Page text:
Forget that the latest adaptation of Leo Tolstoy's sweeping romance novel comes from the man who brought us the slick-but-stuffy Pride and Prejudice and Atonement. Every frame of director Joe Wright's Anna Karenina is a wonder to behold overflowing with visual spectacle and roaring performances. Keira Knightley Jude Law Aaron Taylor-Johnson and the rest of the cast fit perfectly in the high drama epic but it's really Wright's playground. Following Hanna an artful spin on the action movie Wright returns to the period drama but injects it with dazzling daring choices. A book like Anna Karenina could once fit in reality but its larger-than-life legacy precedes it. Wright acknowledges that from frame one approaching the film like a grand ballet or opera where grand gestures broad emotions and overt theatrics are commonplace. That vision clicks transforming Anna Karenina into an exhilarating moviegoing experience.
The storyline of Anna Karenina isn't far off from a daytime soap: It's 1874 and Anna (Knightley) is floating through existence as the wife of influential government player Karenin (Law). But when her brother Oblonsky (Matthew Macfadyen) summons her to Moscow to save his marriage Anna's entire world is shaken up. She meets Vronsky (Taylor-Johnson) a cavalry hunk who finds himself smitten with the taken lady. She's in the same boat: The two strike up a flirtatious relationship that evolves into one of sexual passion. A scandalous affair would incite trouble in the preset day but in the 19th century it's the ultimate crime. Quickly Anna's life comes crumbling down.
The intertwining melodrama of Anna Karenina earned the novel its classic status but Wright uses the material as a launching pad for imagination rather than a tome to translate to screen. Many of the scenes are staged in a theater creating an instant awareness of the production. Sets shift and are reconstructed into new rooms; actors costume change in the span of single shots; action sequences like a thrilling horse race are conducted on stage with special effects you might see on Broadway. Wright works this sort of stylization in the other direction too; a character could walk an empty stage open a door and suddenly be on a snow-covered hill. Anna Karenina isn't the first film to use the effect but in Wright's hands it's exhilarating.
The movie is Wright's third collaboration with Knightley and easily their most successful. Knightley never struggles to stay on the same page as the heightened material whether she's nailing a dance sequence or breaking down in a flood of tears. Casting an ensemble around Knightley is no easy task but Taylor-Johnson gives his best work yet as the debonair love interest and Macfadyen steals the show with moments of physical comedy.
We have expectations of the texture and structure of period romances. Anna Karenina defies them. Masterpiece Theater it is not.
The acclaimed star, who appeared in Oscar-winning drama The Reader, passed away on Wednesday (25Jul12).
A lawyer for her family, who confirmed her death, did not provide information about the cause of her tragedy, according to The Hollywood Reporter.
Lothar received four best actress nominations at the German Film Awards, the country's version of the Oscars, winning the accolade in 1983.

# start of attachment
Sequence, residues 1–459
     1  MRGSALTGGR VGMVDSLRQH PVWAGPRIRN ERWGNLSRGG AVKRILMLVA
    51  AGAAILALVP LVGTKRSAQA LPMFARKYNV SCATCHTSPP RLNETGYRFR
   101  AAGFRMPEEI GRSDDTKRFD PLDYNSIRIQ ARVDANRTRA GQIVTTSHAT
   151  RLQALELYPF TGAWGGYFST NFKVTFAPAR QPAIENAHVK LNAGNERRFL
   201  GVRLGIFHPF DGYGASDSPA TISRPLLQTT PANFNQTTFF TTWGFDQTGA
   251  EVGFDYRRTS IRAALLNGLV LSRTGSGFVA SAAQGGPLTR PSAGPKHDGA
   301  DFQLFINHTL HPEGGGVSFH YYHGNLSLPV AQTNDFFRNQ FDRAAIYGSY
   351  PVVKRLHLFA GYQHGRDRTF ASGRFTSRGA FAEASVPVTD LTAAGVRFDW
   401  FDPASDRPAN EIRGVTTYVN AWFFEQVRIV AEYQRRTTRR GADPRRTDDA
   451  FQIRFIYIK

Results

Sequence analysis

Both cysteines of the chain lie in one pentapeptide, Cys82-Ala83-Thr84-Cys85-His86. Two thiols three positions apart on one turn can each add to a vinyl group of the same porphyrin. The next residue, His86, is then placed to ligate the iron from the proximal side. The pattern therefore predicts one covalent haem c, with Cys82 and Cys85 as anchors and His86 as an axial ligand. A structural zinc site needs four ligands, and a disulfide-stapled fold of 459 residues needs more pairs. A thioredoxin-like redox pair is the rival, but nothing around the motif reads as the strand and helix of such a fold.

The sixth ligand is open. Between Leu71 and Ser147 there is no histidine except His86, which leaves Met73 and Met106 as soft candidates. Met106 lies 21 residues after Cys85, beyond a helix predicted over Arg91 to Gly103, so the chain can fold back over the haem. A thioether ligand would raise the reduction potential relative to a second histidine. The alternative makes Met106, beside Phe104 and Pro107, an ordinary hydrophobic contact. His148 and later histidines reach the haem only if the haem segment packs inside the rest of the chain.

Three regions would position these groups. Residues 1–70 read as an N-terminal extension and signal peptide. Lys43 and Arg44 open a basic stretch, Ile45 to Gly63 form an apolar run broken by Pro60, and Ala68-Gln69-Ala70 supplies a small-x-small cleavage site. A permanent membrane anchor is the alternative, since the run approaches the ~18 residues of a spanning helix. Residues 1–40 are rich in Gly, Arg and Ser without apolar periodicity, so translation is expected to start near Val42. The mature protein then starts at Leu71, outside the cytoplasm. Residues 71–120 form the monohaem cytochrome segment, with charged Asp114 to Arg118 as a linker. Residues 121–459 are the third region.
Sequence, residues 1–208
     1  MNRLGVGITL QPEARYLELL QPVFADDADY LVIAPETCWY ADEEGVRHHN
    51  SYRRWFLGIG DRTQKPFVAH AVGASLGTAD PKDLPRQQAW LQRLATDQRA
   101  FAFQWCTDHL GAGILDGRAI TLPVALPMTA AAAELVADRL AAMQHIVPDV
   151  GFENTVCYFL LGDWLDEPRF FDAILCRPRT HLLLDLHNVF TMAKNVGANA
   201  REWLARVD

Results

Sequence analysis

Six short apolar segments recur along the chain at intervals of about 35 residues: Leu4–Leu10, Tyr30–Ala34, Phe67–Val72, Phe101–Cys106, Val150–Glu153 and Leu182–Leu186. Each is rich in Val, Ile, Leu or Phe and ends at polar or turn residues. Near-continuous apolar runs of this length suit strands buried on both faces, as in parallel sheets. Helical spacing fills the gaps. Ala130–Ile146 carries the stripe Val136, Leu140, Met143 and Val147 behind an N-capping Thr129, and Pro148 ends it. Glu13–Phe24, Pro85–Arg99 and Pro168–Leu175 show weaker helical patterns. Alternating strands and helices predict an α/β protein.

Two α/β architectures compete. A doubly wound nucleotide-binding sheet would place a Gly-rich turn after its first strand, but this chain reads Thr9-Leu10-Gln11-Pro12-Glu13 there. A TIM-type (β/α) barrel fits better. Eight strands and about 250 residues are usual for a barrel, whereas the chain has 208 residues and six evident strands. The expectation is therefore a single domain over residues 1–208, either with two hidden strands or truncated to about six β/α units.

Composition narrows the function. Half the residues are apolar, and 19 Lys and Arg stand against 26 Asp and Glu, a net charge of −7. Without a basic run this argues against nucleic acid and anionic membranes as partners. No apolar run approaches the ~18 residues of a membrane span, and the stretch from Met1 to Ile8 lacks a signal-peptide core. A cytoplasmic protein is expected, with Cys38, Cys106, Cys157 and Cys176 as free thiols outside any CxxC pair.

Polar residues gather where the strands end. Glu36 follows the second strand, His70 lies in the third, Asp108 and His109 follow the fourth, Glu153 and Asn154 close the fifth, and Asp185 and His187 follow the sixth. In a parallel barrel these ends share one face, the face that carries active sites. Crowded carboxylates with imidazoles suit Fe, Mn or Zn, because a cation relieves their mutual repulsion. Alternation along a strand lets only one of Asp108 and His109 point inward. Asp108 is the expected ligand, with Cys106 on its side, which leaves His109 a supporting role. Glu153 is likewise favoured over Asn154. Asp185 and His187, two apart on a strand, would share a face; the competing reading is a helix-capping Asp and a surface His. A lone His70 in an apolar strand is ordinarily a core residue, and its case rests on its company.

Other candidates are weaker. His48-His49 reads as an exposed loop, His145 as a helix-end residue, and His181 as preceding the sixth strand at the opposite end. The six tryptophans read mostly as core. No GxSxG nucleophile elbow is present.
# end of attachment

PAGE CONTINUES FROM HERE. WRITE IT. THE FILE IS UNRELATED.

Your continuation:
Her screen credits also include the Academy Award-nominated drama The White Ribbon, which won the Palme d'Or at the Cannes Film Festival in 2009, and The Piano Teacher.
She also appeared alongside her actor husband Ulrich Muhe in the 1997 psychological thriller Funny Games. Muhe, who starred in the Oscar-winning movie The Lives Of Others, lost his battle with stomach cancer in 2007, aged 54.
Lohar was filming the drama Inner Amok with director Peter Brunner at the time of her death.
Erika is a gifted pianist in her 40s who teaches at a prestigious music school in Vienna. But her private life is far from gilded. She lives in a cramped apartment with her overbearing mother and secretly visits the local porn parlor to watch hard-core movies. She is also masochistically driven to inflict harm on her own body and to be a Peeping Tom at the local drive-in where she watches a couple making love in their car. After she reluctantly supports the acceptance of handsome young pianist Walter as a student at the conservatory they enter a twisted and abusive sadomasochistic relationship in spite of Walter's apparent genuine love for the older Erika. The piano teacher's pathology is so extreme that she surreptitiously puts cut glass into the coat pocket of another student who then ruins her playing hand when she thrusts it into the pocket. This disturbed and sadistic heroine's despicable and graphic behavior resonates way beyond the film's wonderful music and great performances bringing down what would otherwise be a quality movie.
Isabelle Huppert one of France's greatest and most prolific film actresses is extraordinary in what can only be described as an extraordinarily challenging role. She gives a terrific and convincing performance as does Benoit Magimel as the handsome young piano student who falls under her diabolic spell and into her sick and manipulative web of erotic shenanigans. An intense turn from French legend Annie Girardot as Huppert's controlling mother is also top-notch.
German director Michael Haneke does a fine and convincing job directing the peculiar goings-on but must also take the rap as having anointed himself the adapter of this strange novel by Elfriede Jelinek. Haneke directs his actors convincingly and intriguingly and his adaptation also convinces more thanks to the actors than to direction or the underlying material. Haneke's evocation of the world of classical music and training including a soundtrack rich in the music of such masters as Schubert Bach and Beethoven and shots of musicians performing these beloved works is effective especially as counterpoint to the far-from-lofty teacher who is an ironic cog in this sublime process.